No, he's not a math teacher. He's a history teacher. He's taught history for 20 years and substituted in a math class for just one day, so no, call him a math teacher if you want to just because of a single one time indiscretion, but to me, no, he's a history teacher.

    No, the guy on the stage is not a magician. It's his second magic trick in 45 years. He's a painter. It just happens that he helped out once 20 years ago and is doing it again today. So, my position is that he's a painter who has performed two magic tricks in his life, but the extremists among us would have me think he's a magician.

    This brings us full circle and to the topic at hand; just how strict are we supposed to be before we deny that a person has any principles? I think an habitual liar is clearly a liar. Heck, even if there is no habit to it yet it's an often occurance, he's still a liar.

    I just in my mind see such a stark and contrasting difference between a person who lives by no care or concern for his transgressions and lies and steals at will versus a person who has consistently made the right decisions over and over with extremely few exceptions.

    The message I could others articulating is that there are no principles when there are exceptions. My question is quite bluntly, is that true? Are we taking the stance that is so hardcore that once a liar always a liar? With that twisted and completely asinine logic, who the hell is alive today that has principles? Sorry sir, we can't include him, he lied when he was three.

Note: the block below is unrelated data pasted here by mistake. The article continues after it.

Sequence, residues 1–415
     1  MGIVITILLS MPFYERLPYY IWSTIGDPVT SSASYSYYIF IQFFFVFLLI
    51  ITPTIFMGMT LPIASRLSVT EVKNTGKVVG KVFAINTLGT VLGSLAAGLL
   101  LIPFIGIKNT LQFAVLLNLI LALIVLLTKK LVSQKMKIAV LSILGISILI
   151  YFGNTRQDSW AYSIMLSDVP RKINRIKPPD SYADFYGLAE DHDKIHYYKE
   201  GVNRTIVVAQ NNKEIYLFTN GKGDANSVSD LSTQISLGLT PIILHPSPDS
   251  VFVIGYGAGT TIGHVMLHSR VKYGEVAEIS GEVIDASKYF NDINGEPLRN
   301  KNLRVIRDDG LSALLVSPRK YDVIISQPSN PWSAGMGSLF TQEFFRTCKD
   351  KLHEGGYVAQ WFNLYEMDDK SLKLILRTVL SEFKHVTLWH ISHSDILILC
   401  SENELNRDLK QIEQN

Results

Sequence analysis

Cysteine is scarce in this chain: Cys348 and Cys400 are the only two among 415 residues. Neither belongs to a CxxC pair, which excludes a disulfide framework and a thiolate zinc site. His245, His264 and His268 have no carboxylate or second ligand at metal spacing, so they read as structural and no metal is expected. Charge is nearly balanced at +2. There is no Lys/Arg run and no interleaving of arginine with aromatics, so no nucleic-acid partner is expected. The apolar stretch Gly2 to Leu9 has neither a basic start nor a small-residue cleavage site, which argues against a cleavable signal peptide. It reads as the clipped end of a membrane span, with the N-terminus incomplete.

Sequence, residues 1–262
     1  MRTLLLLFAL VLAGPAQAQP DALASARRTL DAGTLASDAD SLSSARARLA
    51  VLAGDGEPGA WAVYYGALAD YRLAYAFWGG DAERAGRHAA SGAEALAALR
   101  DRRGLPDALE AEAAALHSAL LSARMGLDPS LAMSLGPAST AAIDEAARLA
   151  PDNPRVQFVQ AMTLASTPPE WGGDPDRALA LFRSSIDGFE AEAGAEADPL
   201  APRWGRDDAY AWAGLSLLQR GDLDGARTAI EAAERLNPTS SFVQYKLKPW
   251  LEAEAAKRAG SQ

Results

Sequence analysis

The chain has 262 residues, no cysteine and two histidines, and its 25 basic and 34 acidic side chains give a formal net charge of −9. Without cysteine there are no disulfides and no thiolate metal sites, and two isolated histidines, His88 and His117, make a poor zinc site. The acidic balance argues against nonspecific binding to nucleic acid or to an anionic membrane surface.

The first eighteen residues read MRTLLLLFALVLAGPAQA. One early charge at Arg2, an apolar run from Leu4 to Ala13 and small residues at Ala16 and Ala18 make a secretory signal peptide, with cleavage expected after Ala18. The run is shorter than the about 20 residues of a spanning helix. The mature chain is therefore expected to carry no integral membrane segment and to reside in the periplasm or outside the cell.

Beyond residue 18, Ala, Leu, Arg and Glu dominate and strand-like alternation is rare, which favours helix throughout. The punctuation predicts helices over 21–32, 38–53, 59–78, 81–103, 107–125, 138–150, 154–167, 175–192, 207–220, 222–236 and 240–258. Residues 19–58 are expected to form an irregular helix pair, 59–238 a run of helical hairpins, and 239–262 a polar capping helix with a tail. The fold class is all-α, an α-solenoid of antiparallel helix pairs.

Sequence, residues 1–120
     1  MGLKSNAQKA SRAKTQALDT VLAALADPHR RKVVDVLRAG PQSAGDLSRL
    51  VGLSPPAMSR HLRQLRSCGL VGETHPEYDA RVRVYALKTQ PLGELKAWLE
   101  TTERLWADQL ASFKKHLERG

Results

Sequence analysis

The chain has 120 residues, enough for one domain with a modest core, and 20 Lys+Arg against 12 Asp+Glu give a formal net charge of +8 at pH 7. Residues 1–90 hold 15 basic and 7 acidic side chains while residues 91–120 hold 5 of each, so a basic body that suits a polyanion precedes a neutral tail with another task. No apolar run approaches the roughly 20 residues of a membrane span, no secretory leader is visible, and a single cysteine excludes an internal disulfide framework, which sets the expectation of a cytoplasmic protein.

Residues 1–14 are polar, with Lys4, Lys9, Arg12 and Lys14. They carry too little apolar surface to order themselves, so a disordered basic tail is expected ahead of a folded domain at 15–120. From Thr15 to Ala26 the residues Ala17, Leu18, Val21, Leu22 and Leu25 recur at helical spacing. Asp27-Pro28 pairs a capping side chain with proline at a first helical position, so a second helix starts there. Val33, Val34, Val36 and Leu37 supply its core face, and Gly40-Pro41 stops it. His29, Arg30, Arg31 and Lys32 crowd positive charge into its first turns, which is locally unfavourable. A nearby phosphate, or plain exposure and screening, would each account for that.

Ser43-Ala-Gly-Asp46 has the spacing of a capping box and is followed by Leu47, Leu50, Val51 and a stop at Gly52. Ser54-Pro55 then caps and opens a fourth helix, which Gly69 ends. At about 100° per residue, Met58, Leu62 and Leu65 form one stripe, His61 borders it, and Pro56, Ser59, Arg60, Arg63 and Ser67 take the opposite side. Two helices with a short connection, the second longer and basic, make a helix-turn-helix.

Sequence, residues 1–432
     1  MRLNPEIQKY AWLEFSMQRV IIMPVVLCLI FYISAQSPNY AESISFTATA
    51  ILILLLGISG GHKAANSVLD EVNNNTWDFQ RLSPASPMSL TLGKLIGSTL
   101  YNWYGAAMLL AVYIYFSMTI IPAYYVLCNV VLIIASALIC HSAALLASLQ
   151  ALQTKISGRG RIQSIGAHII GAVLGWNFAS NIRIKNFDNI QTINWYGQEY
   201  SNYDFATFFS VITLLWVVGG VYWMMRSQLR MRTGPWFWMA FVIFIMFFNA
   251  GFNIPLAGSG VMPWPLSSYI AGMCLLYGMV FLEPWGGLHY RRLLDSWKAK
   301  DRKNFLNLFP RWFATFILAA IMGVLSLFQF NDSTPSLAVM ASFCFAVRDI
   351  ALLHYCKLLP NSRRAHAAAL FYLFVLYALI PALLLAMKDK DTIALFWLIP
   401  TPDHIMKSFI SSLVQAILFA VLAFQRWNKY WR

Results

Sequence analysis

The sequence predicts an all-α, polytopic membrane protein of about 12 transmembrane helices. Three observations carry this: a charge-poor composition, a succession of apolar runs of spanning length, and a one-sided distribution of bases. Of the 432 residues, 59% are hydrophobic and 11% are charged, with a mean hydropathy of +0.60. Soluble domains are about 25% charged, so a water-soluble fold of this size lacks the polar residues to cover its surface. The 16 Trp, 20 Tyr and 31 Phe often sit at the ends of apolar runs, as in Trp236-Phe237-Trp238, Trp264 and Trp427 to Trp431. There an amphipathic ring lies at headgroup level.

Do we not now see what I mean by frequency of deviation? Must the sum of a transgression be zero on the nose? Over that and despite the frequency, conclusion: we're looking in the eyes of someone with no principles?

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    I think I get what you are saying, but what I see from your examples is quite different.

    Stealing, lying, even killing in order to call a person burglar, liar or killer, I might check his intentions.

    I don't want to include religion here, but the example comes from it.

    There is a biblical character called Moses. This individual saw an Egyptian abusing the Israelite slaves and going in their defense he killed the Egyptian. No place in that book this killing is taken as such because if the narration is correct, this individual Moses didn't plan the killing, he just acted in defense of someone.

    I won't call him a killer even if the facts prove that he killed another human being.